PROFILE: The P.O.E. Reflects on His Week To Remember

Cytopoetics Events

James O. Brown, best known to local poetry aficionados as The P.O.E., had already established himself in the GTA poetry slam scene before National Poetry Month 2012 rolled around. A past member of the Burlington Slam Team, P.O.E. was a well known (poetically organized) entity who qualified for the finals at slams in both Burlington and Toronto by virtue of his ever-improving performance style.

But no one, least of all Brown, was prepared for what he managed to pull off last week. First, he claimed victory at the Burlington Slam Project $75 Slam on Thursday evening. Then he travelled down the QEW to participate in the Toronto Poetry Slam Finals on Friday night, where he claimed the Grand Slam Championship. Then the proverbial cherry on top came with an epic victory in the first annual edition of The Last Poet Standing on Saturday night.

After allowing him a…

View original post 626 more words


VIDEO times TWO: Performing 3 Cities and an Interview w D.I.V.A. Mag

Writing in a Tree

Way back in March, I blogged about performing at the Steam Whistle Brewery for a Literature for Life event called Voices. The wonderful people of D.I.V.A. Mag did an amazing job covering the event it’s from their website where I snatched these videos: One of me performing the poem 3 cities to a packed bar and the other, an interview alongside the amazing Jo Atilia, a dear friend and the founder of Literature for Life.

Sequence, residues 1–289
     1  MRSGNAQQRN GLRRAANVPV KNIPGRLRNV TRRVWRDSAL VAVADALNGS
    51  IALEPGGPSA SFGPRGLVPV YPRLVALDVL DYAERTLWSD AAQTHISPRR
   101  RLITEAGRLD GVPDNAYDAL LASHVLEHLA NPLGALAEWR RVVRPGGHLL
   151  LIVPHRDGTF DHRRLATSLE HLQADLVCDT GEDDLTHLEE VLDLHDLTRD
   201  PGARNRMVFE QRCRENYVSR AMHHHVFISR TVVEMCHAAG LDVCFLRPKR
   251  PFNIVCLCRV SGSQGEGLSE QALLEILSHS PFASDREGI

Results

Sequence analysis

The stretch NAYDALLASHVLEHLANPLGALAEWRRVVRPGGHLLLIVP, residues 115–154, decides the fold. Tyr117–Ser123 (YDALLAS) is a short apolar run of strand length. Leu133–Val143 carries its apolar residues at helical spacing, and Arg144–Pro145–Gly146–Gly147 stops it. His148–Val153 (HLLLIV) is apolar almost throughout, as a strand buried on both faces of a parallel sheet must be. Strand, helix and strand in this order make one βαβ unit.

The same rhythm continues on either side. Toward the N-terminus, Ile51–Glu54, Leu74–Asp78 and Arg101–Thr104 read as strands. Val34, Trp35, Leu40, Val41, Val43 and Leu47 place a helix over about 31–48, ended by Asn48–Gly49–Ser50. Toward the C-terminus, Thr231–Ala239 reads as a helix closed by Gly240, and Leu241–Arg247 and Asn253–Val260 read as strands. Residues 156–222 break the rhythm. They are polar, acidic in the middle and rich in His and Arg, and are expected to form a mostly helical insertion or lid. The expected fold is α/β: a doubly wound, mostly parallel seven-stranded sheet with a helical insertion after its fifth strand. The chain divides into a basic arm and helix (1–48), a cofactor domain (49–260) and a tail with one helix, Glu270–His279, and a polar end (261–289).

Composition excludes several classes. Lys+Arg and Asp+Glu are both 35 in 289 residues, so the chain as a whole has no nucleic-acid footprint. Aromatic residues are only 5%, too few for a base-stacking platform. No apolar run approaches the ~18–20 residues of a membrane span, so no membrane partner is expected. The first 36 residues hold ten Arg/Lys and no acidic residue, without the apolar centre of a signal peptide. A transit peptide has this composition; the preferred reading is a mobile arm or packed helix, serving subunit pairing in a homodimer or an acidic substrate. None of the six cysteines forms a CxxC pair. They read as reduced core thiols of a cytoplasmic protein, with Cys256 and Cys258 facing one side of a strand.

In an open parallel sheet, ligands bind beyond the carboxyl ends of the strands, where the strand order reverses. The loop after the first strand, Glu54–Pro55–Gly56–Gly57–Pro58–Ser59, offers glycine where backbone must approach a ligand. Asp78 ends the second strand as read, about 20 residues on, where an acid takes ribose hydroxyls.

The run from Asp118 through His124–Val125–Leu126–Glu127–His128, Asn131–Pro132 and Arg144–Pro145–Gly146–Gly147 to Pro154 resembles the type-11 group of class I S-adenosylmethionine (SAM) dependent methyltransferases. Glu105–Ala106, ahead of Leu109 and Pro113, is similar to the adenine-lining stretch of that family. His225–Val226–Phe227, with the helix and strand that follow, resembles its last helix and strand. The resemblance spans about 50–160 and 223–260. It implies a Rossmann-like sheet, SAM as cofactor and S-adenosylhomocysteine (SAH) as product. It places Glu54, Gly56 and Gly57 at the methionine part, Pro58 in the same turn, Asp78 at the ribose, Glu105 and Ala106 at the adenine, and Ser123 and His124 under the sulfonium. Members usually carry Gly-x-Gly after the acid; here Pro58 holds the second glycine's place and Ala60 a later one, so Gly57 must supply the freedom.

Warning: I speak really fast. A common symptom of being nervous

D.I.V.A. Magazine is an arts and culture magazine and online forum celebrating women of colour, founded by Trey Daley and Geena Lee. D.I.V.A. stands for diversity in video audio and arts. For more info, check out there website here and check out full coverage of the event here.

Over and out!

View original post

Nodin Says…April 2012

Nodin is the youngest of my wolf pack…an exurbanite 6 year old who has started droppin’ sum knowledge on the verbal that actually has been school’n me. So I thought I would blog a series of monthly Nodin Says moments for my readers….

I was using goat milk soap in the bath:

Nodin: “if you use goat soap you will smell because goat soap come from goats. If you eat goat cheese or drink goats milk you will smell like goat”

Mom: “Why do babies have to grow up?”
Nodin: “To be like you.”

Carrying a heavy Nodin up the stairs for bed on my back:

Mom: “Oh god help me!”
Nodin: “God is helping you.”

After talking to the wolf pack about how hard I work:

Eldest Son: “Mom work puts food on the table.”

Nodin: “No, work doesn’t do nothing it just makes you tired.”


It’s 2012 We Are Not Chief Wahoo!!